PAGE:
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Safety is one of the biggest concerns my clients have when their pets must have a procedure that requires anesthesia. I’m happy to tell them that advances in both drugs and anesthesia techniques have made anesthetic procedures safer than ever. Although there's always some risk with every anesthetic procedure, with the right precautions, even very young animals, older pets or animals with medical conditions can undergo dental cleanings and surgery with relative ease.
The most up-to-date method of inducing general anesthesia is through intravenous injection of induction drugs. It’s a more controlled way of putting a dog or cat under anesthesia than with gas alone. The drugs help pets go to sleep smoothly before they are intubated and maintained with gas anesthesia.
Other techniques include providing pain relief before surgery — known as pre-emptive analgesia — as well as during surgery. Veterinarians can provide pain relief through injections and skin patches as well as epidurals, constant rate infusion and regional blocks.
With epidurals, drugs are delivered through an injection into the space surrounding the lower part of the spinal cord. Epidurals help prevent pain in the abdomen and lower part of the body, so they’re especially beneficial for pets undergoing orthopedic procedures in those areas.
Constant rate infusion (CRI) is an ongoing trickle of pain-relieving drugs into the circulation over a period of time. Administering pain medications in this way helps the veterinarian maintain an even level of pain relief while avoiding peaks and valleys in drug levels in the blood.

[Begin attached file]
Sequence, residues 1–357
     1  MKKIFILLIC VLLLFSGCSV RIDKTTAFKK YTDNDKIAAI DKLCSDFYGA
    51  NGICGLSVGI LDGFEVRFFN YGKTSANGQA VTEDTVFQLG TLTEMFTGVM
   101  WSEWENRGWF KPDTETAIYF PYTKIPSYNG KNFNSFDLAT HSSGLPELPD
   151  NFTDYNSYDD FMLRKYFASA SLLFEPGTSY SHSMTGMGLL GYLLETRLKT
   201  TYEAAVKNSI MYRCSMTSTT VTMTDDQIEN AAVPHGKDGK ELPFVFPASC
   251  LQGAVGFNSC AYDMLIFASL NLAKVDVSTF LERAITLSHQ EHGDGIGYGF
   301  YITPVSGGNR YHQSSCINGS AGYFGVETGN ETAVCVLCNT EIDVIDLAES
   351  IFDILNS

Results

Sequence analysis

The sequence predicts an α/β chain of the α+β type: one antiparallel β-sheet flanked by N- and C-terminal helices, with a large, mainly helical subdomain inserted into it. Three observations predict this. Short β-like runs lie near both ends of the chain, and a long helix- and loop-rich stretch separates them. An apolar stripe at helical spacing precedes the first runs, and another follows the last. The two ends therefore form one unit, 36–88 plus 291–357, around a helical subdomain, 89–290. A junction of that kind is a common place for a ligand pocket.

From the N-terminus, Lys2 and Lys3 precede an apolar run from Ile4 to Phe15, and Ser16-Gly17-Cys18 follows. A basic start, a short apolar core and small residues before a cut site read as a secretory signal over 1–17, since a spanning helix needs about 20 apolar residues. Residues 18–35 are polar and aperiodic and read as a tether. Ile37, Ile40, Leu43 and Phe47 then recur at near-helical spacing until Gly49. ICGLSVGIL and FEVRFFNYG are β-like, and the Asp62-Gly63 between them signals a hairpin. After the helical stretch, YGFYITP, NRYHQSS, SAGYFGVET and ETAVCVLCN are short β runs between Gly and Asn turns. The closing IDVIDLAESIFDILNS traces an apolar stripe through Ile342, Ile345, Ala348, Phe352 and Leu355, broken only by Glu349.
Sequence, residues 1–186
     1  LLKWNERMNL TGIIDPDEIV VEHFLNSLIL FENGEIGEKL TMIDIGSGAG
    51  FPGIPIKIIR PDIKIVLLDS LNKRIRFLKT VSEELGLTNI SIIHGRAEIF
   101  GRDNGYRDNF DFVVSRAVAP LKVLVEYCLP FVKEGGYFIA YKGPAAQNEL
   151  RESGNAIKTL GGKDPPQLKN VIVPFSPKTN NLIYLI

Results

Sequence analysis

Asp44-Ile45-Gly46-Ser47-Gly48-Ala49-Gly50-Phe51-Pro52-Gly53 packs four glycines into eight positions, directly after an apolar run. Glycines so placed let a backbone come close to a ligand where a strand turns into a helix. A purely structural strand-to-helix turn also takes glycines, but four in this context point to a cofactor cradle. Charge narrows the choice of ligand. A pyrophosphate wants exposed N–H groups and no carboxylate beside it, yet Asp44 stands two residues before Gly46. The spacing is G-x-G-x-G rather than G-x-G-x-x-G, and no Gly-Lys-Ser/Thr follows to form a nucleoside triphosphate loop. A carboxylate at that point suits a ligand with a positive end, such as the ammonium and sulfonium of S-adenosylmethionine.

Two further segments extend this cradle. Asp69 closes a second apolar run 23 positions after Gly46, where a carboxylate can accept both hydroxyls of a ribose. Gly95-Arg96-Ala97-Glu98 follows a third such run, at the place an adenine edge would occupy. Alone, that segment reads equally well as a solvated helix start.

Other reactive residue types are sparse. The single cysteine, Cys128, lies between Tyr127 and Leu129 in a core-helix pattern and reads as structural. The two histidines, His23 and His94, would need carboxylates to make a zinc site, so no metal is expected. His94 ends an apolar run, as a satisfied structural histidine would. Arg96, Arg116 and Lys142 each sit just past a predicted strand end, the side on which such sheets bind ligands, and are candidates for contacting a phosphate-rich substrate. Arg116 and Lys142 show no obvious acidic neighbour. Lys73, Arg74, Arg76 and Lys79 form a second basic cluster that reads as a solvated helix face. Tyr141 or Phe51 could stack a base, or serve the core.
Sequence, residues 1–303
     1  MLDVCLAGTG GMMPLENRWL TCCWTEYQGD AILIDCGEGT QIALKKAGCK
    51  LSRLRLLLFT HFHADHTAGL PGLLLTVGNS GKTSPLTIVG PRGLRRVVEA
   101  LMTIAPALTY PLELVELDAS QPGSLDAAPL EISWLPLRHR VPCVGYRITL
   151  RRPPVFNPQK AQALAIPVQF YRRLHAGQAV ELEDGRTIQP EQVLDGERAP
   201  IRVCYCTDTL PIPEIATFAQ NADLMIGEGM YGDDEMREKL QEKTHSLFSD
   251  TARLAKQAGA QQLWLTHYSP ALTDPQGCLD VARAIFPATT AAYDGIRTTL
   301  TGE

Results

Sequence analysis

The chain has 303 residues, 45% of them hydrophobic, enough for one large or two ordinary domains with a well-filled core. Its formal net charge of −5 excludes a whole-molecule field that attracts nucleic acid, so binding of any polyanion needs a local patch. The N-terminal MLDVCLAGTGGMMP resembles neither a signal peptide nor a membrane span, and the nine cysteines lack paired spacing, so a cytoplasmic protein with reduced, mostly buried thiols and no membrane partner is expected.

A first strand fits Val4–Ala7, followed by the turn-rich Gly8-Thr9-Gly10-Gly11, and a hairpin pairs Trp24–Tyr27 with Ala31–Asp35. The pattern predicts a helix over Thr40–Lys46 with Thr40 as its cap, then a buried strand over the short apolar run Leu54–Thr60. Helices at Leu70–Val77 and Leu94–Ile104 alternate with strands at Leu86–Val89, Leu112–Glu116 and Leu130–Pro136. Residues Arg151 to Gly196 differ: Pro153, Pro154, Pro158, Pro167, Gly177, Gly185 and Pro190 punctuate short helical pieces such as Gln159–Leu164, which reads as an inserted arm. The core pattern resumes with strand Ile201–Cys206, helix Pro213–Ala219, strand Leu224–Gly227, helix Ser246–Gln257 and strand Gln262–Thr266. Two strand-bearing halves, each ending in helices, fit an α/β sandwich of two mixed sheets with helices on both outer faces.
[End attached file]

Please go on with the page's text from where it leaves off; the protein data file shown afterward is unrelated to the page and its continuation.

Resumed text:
Blocking the pain signal helps reduce the volume of gas anesthesia during the procedure and is more comfortable afterward, which can assist them in recovering more quickly.
If you’ve ever had a cavity filled or a root canal, you know what a regional block is — that shot of novocaine that numbs your face. It blocks the nerves in a localized area that would otherwise carry pain signals to the brain. In pets, regional blocks might be used during dental procedures, along an incision line prior to surgery or in a cat's limb prior to a declaw procedure.
We veterinarians want your pets to have a safe and comfortable anesthetic experience. Before your pet undergoes a surgical or dental procedure, it can be reassuring to ask your veterinarian the following questions:
Will my pet get a preanesthetic assessment? No matter what his age, your pet should have lab work to assess kidney, liver and bone marrow function. Abnormalities could indicate a bacterial or viral infection or other conditions that would make your pet a poor candidate for anesthesia at that time, or could alert the veterinarian to the need to modify the anesthesia to make it safer.
Will my pet be induced intravenously? In the past, it was common for pets to be “masked asleep” with gas. My friend and colleague Dr. Robin Downing, founder and past president of the International Veterinary Academy of Pain Management, says that masking a pet asleep with gas is not safe because it’s not a controlled technique. “We have safe and effective agents to put in the vein that help the pet go to sleep smoothly,” she says. “One of the key features of anesthesia is that if you go to sleep smoothly, you’ll wake up smoothly.”
Will my pet receive intravenous fluids while he’s anesthetized? Dehydration and low blood pressure can be side effects of anesthesia. IV fluids help prevent those issues.
Will my pet’s blood pressure be monitored? Monitoring blood pressure is easy and inexpensive and provides important information about the animal’s condition while under anesthesia.
Will my pet be kept warm during and after surgery? Pets can become cold during anesthesia and surgery. Maintaining their body temperature with warmed blankets or heating pads keeps them comfortable and helps the body metabolize pain drugs more effectively.
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